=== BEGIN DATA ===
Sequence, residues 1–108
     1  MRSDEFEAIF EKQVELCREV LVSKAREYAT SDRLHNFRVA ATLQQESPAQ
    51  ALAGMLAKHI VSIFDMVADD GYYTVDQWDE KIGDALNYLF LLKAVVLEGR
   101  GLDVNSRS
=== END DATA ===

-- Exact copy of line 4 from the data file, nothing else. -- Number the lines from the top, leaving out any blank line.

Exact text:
   101  GLDVNSRS